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    #246055 - 09/09/19 05:02 AM Re: Which colleges have good teaching? [Re: Bostonian]
    Bostonian Offline
    Member

    Registered: 02/14/10
    Posts: 2592
    Loc: MA
    Originally Posted By: Bostonian
    Lessons in learning
    Study shows students in Ďactive learningí classrooms learn more than they think
    by Peter Reuell
    Harvard Gazette
    September 4, 2019

    A blog post about the study:
    Active Learning Works But Studentís Donít Like It
    by Alex Tabarrok
    Marginal Revolution
    September 9, 2019 at 7:25 am in Education
    A carefully done study that held students and teachers constant shows that students learn more in active learning classes but they dislike this style of class and think they learn less. Itís no big surpriseĖactive learning is hard and makes the students feel stupid. Itís much easier to sit back and be entertained by a great lecturer who makes everything seem simple.

    Despite active learning being recognized as a superior method of instruction in the classroom, a major recent survey found that most college STEM instructors still choose traditional teaching methods. This article addresses the long-standing question of why students and faculty remain resistant to active learning. Comparing passive lectures with active learning using a randomized experimental approach and identical course materials, we find that students in the active classroom learn more, but they feel like they learn less. We show that this negative correlation is caused in part by the increased cognitive effort required during active learning. Faculty who adopt active learning are encouraged to intervene and address this misperception, and we describe a successful example of such an intervention.

    The authors say that it can help to tell students in advance that they should expect to feel flustered but it will all work out in the end.

    The success of active learning will be greatly enhanced if students accept that it leads to deeper learningóand acknowledge that it may sometimes feel like exactly the opposite is true.

    I am dubious that this will bring students around. An alternative that might help is to discount student evaluations so that teachers donít feel that they must entertain in order to do well on evaluations. As Brennan and Magness point out in their excellent Cracks in the Ivory Tower:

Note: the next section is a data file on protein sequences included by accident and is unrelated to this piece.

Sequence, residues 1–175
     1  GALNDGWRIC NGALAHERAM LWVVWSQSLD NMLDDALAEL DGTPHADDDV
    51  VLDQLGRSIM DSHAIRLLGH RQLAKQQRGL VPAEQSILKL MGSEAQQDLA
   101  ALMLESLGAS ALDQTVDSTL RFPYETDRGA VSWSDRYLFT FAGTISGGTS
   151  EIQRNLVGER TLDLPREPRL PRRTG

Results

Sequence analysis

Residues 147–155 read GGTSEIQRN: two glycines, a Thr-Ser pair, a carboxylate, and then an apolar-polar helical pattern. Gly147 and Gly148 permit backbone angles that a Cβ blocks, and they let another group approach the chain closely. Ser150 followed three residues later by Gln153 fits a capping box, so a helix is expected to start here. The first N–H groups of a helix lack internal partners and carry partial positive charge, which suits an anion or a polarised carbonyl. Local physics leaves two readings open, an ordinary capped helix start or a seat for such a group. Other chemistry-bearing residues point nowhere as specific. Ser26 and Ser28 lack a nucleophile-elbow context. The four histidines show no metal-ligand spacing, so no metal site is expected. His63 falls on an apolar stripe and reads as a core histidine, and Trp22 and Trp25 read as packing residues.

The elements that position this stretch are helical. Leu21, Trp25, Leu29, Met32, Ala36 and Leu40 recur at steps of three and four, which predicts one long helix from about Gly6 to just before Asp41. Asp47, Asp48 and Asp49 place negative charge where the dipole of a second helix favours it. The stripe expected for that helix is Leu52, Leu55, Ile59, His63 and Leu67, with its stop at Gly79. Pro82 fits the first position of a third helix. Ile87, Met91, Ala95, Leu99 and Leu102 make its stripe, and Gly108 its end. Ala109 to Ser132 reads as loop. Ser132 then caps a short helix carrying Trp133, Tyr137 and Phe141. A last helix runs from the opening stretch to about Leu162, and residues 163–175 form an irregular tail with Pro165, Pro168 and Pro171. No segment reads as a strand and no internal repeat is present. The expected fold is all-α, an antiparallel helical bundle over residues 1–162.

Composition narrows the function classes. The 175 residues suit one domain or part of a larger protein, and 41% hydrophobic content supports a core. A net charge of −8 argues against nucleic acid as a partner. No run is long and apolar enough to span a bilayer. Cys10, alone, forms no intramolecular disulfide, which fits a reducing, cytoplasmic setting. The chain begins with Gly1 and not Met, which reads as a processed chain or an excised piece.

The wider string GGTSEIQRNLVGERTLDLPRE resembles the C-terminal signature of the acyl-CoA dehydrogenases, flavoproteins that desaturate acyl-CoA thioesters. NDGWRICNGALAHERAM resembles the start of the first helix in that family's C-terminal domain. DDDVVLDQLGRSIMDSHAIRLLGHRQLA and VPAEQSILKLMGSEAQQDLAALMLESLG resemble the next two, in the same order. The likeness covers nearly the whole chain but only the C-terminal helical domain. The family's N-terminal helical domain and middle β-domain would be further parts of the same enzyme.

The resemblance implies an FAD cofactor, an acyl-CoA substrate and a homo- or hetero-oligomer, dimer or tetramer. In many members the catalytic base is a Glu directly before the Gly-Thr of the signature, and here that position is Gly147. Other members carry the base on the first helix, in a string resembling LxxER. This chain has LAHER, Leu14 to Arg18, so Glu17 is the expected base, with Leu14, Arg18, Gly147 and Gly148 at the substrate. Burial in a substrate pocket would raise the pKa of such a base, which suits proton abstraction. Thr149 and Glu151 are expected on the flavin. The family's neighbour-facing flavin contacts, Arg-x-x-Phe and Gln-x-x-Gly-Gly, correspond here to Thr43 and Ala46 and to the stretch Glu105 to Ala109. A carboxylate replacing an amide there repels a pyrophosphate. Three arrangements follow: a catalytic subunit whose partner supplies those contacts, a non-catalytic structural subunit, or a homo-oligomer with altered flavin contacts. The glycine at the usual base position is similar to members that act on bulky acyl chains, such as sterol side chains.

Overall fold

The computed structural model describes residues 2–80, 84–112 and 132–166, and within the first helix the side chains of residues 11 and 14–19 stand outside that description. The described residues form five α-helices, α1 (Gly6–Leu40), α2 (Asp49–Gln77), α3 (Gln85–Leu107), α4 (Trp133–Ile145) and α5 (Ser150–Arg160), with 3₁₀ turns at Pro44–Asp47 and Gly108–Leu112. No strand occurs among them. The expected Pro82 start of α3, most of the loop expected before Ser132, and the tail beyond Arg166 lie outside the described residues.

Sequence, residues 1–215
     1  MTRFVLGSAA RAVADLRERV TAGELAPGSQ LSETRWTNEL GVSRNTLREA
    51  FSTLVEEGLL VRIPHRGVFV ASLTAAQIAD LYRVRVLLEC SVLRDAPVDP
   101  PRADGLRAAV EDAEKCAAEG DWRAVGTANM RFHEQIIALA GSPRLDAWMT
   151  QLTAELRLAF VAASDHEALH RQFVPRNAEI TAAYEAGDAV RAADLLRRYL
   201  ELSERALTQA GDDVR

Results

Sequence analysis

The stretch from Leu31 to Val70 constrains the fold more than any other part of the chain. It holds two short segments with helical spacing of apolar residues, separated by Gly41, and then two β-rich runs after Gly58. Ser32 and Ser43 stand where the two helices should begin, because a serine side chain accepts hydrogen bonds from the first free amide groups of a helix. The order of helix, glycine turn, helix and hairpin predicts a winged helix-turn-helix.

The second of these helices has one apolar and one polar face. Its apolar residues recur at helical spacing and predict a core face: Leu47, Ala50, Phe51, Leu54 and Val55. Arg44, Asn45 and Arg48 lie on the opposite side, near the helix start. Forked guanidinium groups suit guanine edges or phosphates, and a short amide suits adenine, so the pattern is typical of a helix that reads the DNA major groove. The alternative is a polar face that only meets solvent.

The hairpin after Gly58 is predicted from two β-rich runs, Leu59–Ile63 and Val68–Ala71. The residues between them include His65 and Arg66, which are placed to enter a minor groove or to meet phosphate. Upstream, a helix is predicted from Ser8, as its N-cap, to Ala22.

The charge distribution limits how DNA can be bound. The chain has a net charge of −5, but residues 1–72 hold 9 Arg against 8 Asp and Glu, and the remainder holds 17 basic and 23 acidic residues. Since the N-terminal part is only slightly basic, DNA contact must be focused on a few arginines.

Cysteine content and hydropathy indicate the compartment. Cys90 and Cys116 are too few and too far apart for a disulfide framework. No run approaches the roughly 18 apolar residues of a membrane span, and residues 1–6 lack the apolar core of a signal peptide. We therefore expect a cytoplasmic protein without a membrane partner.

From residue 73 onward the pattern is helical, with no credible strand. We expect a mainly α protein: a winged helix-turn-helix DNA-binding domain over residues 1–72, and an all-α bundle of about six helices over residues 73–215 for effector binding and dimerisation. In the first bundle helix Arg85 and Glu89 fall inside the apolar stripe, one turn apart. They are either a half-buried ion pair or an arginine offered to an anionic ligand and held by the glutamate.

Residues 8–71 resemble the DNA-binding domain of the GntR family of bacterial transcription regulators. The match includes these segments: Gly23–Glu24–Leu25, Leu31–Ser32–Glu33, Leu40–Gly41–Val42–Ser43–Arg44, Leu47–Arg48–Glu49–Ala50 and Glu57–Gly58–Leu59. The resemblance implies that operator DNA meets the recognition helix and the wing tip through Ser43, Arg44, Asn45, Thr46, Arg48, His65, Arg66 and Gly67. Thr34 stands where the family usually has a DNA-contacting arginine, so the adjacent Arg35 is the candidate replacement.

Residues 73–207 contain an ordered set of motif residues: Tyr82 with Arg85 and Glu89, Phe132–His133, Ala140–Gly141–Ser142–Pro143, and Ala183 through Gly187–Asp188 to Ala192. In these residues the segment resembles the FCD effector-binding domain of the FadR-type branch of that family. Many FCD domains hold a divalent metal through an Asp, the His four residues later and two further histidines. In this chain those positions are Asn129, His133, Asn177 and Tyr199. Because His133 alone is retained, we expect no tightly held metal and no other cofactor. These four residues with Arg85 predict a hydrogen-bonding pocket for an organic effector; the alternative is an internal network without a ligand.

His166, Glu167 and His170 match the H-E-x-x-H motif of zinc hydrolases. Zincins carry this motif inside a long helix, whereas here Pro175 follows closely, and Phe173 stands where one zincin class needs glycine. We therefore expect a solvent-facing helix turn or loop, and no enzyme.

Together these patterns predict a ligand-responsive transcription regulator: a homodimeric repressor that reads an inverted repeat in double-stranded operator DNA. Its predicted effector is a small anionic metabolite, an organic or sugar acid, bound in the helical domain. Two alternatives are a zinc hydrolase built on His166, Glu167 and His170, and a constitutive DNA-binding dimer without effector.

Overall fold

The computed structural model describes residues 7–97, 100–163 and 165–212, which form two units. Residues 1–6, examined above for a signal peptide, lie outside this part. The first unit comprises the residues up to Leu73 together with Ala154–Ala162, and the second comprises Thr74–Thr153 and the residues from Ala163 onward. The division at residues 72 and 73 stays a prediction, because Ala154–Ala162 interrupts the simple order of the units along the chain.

Using student evaluations to hire, promote, tenure, or determine raises for faculty is roughly on a par with reading entrails or tea leaves to make such decisions. (Actually, reading tea leaves would be better; itís equally bullshit but faster and cheaper.)Ö the most comprehensive research shows that whatever student evaluations (SETs) measure, it isnít learning caused by the professor.

    Indeed, the correlation between student evaluations and student learning is at best close to zero and at worst negative. Student evaluations measure how well liked the teacher is. Students like to be entertained. Thus, to the extent that they rely on student evaluations, universities are incentivizing teachers to teach in ways that the students like rather than in ways that promote learning.

    Itís remarkable that student evaluations havenít already been lawsuited into oblivion given that student evaluations are both useless and biased.

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    #246312 - 11/14/19 01:22 PM Re: Which colleges have good teaching? [Re: Bostonian]
    Old Dad Offline
    Member

    Registered: 07/30/12
    Posts: 422
    As for active learning and quality of teaching, as I've mentioned previously, I've found it unacceptable that other than the school of education, very few college or university professors are required to have one credit hour of classes in education. I have yet to meet a college student who hasn't told me that they had many, if not most of their professors, who knew their field of study well but really struggled to communicate it well, teach it well, and differentiate well. Simply because one has vast amounts of knowledge in a field doesn't mean they can teach it and that's too often the case at colleges and universities in the U.S.

    I see the stirrings of realization that our U.S. colleges and universities are losing the confidence of the people. I see serious changes in post K-12 education coming. Teachers and libraries are no longer the key holders to education, colleges and universities need to update their methods to keep up.

    As for the original post of the thread, perhaps the wrong question is being asked, instead I would encourage the question, "What is the best fit for your child and how will I know it?"

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    #246317 - 11/16/19 06:59 PM Re: Which colleges have good teaching? [Re: Bostonian]
    puffin Offline
    Member

    Registered: 12/11/12
    Posts: 2014
    By post high school age the onus is on the student to learn irrespective of whether the lecturer can teach.

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    #246321 - 11/18/19 06:35 AM Re: Which colleges have good teaching? [Re: puffin]
    Old Dad Offline
    Member

    Registered: 07/30/12
    Posts: 422
    Originally Posted By: puffin
    By post high school age the onus is on the student to learn irrespective of whether the lecturer can teach.


    I would agree....and I hope that's a problem in everyone's eyes. Teachers, whether they're teaching preschool, K-12, under grads, or post graduate, should be well versed in teaching methods, learning styles, and other variables that make one better able to help students achieve their goals. That should be the whole point of teaching.

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